This post is also available in: Italian

Stignano is a medieval village in Calabria built on a hill 340 meters above sea level overlooking the Precariti river valley down to the Ionian Sea.

Its history is confused in many parts with that of Stilo, a nearby municipality to which it was administratively linked as a ‘Hamlet of Stilo’ until 1811. And for this reason Stilo is happy with the fact of being the birthplace of the famous philosopher Tommaso Campanella, author of the “City of the Sun”. His birthplace has now been declared a National Monument.

The name of Stignano could have either a Greek root from a Greek word meaning ‘narrow place’ or from a Roman villa of a certain Stenius.

Its history begins, therefore, with the destruction of the ancient Caulonia by Dionysius the Elder of Syracuse. It was city on the sea built near the iron mines with which this part of Calabria was rich and which have been a strong attraction for the Greeks, Romans, Byzantines, Normans, Aragonese and Bourbon.

The inhabited centre was born after the fall of the Roman Empire and the arrival of the Byzantines in the tenth century. The whole area has often been the subject of pirate raids and since the Greek period towers and fortresses have been built to guard and protect, such as Torre San Fili.

In 1605 the famous Baroque painter Francesco Cozza was born in Stignano (then Stilo), a pupil of Mattia Preti also known as the Cavalier Calabrese, who worked extensively in Rome, Valmontone, Genzano and Frascati. He was a cousin of Tommaso Campanella and a famous portrait of him can be found in the Caetani castle of Sermoneta.

Around 1710-1720, one of these guard buildings was transformed into the Castle of San Fili or Lamberti, from the name of the captain Giuseppe Lamberti and from the family that owned it and it took on more elegant characteristics. The family had long chivalrous traditions that linked it to the first crusade and then to the nobles of Stilo.

The castle is a very special building with a triangular plan that resembles that of an arrow from above and has a particular octagonal hall and access to the main floor through a masonry bridge, perhaps once a drawbridge.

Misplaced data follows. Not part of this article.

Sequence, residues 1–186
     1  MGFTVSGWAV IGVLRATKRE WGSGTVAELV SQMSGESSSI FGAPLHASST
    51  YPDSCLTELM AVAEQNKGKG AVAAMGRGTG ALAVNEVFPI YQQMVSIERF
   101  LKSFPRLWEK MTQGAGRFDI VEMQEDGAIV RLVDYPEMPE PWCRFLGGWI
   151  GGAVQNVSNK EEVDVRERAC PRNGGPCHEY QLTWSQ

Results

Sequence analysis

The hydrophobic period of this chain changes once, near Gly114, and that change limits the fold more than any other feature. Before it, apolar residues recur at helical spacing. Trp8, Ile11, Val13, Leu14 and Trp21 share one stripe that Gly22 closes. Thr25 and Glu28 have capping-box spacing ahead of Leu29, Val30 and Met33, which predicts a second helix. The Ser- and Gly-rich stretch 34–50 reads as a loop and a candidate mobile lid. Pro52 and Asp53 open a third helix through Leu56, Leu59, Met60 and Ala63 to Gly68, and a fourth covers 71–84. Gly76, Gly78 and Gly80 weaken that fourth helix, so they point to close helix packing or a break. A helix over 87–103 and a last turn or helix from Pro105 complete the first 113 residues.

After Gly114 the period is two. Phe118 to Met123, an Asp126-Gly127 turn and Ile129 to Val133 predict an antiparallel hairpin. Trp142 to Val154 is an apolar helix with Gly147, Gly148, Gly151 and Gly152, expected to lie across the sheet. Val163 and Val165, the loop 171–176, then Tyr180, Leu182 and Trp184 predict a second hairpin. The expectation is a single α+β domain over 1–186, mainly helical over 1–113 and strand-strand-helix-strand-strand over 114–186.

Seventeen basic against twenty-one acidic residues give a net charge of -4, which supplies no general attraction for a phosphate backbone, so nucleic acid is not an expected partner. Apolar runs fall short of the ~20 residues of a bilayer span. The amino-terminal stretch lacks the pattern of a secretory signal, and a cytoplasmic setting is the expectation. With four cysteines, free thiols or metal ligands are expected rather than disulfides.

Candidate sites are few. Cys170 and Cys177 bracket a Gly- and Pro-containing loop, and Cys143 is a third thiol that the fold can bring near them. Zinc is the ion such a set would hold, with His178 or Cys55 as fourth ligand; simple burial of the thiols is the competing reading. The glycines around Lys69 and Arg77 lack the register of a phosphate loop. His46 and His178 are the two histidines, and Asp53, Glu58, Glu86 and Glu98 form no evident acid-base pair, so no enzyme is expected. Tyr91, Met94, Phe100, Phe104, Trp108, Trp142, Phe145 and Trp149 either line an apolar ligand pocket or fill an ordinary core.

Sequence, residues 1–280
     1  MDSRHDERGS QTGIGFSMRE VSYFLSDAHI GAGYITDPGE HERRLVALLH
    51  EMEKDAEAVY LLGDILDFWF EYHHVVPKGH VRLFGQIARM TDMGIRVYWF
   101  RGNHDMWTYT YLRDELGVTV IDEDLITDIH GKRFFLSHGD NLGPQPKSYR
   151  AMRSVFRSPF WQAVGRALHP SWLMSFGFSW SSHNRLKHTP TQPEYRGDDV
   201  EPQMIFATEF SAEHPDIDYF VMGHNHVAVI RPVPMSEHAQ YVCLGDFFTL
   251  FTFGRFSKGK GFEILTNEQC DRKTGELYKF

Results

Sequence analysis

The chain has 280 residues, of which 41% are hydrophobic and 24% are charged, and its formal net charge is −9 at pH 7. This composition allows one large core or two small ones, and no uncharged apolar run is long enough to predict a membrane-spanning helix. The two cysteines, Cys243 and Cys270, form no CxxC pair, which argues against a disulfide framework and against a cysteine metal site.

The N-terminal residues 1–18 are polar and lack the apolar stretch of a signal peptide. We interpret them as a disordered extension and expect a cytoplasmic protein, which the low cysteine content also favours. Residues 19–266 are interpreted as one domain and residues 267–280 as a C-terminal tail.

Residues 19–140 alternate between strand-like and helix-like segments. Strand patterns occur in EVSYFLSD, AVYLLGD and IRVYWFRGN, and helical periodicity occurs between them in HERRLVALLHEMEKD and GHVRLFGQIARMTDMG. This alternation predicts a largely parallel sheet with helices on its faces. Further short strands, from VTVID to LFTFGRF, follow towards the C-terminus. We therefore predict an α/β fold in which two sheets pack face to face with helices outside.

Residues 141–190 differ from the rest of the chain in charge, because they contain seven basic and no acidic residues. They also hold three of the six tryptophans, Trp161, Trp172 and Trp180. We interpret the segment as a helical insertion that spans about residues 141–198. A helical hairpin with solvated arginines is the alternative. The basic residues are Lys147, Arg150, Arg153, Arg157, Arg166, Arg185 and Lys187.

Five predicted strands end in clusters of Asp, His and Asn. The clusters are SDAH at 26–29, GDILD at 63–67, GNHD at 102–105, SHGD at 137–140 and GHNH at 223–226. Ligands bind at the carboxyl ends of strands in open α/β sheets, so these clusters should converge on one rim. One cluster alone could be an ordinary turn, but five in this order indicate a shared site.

But the absolute surprise of Stignano is Villa Caristo, one of the best examples of Calabrian and Italian Baroque construction that would have been built on the remains of the ancient Roman Villa Stenius from which the name of the municipality of Stignano possibly derives.

Built around 1740 by the Lamberti family, it turned out to be a large U-shaped construction with a garden full of sculptures and with the beautiful statue of Tancredi who baptizes Clorinda as told in the famous story of Jerusalem Liberated by Torquato Tasso.

Some of these sculptures were then stolen over the years, taking advantage of a possible moment of difficulty for the owners. Since 1830, the villa has belonged to the Caristo family who gave it its name. The villa was celebrated in a 1984 postage stamp in the series dedicated to the ‘Villas of Italy “.

Many buildings were damaged by the terrible earthquake of 1783 and then restructured or modified, but these buildings remained unscathed. In 1811, during the French period of King Joachim Murat who wanted to break down the feudal system of the Spaniards, Stignano became an autonomous municipality.


DiscoverPlaces

Traveller's Guide to Italy

Top